He will visit Jordan, Israel and Palestine, and join the Ecumenical Patriarch of Constantinople, Bartholomew 1, in Jerusalem, to commemorate the 50th anniversary of the historic encounter between Pope Paul VI and Patriarch Athenagoras in 1964.  

While the Vatican has yet to announce the exact dates for the Holy Land visit, Israeli sources say it will be around 25 May.

The next major event after the Holy Land visit will be the celebration of the feast of Pentecost on June 8. But there could be other events not yet scheduled.

As happened in 2013, Francis is unlikely to hold public audiences in July and August.  He does not take holidays, however, and will probably remain at Santa Marta, the Vatican guest house where he lives, to work on various projects, including the reform of the Roman Curia, and preparation both for the Synod of Bishops and for what could be his first trip to Asia.

The first Jesuit Pope in the history of the Church, who once wanted to go as a missionary to Japan, has his eyes fixed on Asia, the continent where two-thirds of the world’s population lives but where Christians count for a minority 3% , and Catholics 2%.   He wishes to share the Good News of Jesus with the many Asian peoples who do not yet know him, and to build good relations with the leaders and followers of the other major religions that live there.

Benedict XVI did not visit Asia, but Francis is on record as saying that he intends to do so. Many Asian Church leaders say they expect him to make his first visit to their continent in the second half of 2014. He has received several invitations, including from the Philippines – the country with the largest Catholic population, Korea –a country with a vibrant Catholic Church, Japan - which he visited in 1987, where Shintoism and Buddhism are the dominant religions, and Sri Lanka, a predominantly Buddhist country which is still recovering from a bloody civil war and massive violation of human rights. The Vatican has yet to announce any such trip.   

Pope Francis will attend the Extraordinary Synod of Bishops, October 5-19. It will focus on the family as mentioned earlier and will be followed by a second synod, around the same topic, in 2015.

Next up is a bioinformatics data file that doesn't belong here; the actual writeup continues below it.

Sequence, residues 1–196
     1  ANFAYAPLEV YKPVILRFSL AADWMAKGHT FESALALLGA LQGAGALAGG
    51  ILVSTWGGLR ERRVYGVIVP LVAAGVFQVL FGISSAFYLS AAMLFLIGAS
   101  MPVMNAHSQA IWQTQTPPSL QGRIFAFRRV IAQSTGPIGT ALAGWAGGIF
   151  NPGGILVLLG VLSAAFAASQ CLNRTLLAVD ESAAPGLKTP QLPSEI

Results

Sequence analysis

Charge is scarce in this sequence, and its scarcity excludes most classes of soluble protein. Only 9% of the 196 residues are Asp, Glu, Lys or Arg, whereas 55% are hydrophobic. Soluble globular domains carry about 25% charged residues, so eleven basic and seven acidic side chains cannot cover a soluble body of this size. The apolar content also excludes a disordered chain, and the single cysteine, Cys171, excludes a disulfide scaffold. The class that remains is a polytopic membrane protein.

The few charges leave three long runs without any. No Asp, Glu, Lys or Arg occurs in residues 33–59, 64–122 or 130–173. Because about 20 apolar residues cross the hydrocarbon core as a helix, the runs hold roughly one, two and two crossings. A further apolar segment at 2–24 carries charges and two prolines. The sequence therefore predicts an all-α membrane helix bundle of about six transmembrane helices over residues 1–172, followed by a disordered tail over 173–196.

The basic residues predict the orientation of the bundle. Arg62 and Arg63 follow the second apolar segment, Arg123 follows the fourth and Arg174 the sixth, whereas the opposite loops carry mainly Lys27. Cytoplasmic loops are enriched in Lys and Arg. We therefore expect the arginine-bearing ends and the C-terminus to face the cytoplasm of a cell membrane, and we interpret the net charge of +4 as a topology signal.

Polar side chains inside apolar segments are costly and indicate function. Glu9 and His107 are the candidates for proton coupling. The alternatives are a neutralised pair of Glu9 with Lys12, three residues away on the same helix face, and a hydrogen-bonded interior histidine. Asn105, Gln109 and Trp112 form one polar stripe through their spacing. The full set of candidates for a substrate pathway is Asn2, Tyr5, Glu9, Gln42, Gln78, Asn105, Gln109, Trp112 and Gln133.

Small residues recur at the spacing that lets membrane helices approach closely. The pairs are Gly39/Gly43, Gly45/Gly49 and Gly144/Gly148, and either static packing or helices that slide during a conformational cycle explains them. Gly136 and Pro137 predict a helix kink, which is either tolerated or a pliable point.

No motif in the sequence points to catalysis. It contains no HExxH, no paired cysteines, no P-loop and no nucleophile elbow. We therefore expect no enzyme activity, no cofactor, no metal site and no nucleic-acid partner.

Apart from these major events, the dynamic Pope will have little respite throughout the year as he receives heads of State (probably including President Obama) and other dignitaries from all over the world.   He will also welcome bishops from many countries making their five-yearly (‘ad limina’) visits to Rome, as well as nuncios making their annual report to the Holy See. 

During this year he is likely to meet several leaders of other Christian denominations or major world religions too, including the Archbishop of Canterbury, Justin Welby.

Throughout the year, Francis will continue to monitor closely the work being done to reform Vatican finances; he would hope to be able to complete much of this during 2014.  
 
Furthermore, he will meet regularly with the heads of the different Vatican offices, to ensure they are all working together to promote a culture of encounter and inclusion, not one of confrontation and exclusion.  He will continue his effort to change attitudes and ensure greater coordination and communication between the various Vatican offices, even as he moves ahead with a major reform of the Roman Curia.   

In addition to all the above, he will continue to meet pilgrims at the weekly public audiences, and greet them every Sunday too.

It is well known that the Pope ‘from the end of the world’ works around the clock. As he enters the New Year, he is sure to continue in this mode, moving ahead with all due haste to ‘repair’ and ‘rebuild’ the Catholic Church, just as St Francis of Assisi did some eight hundred years ago, and to give new hope and encouragement to a humanity that has a great need of both.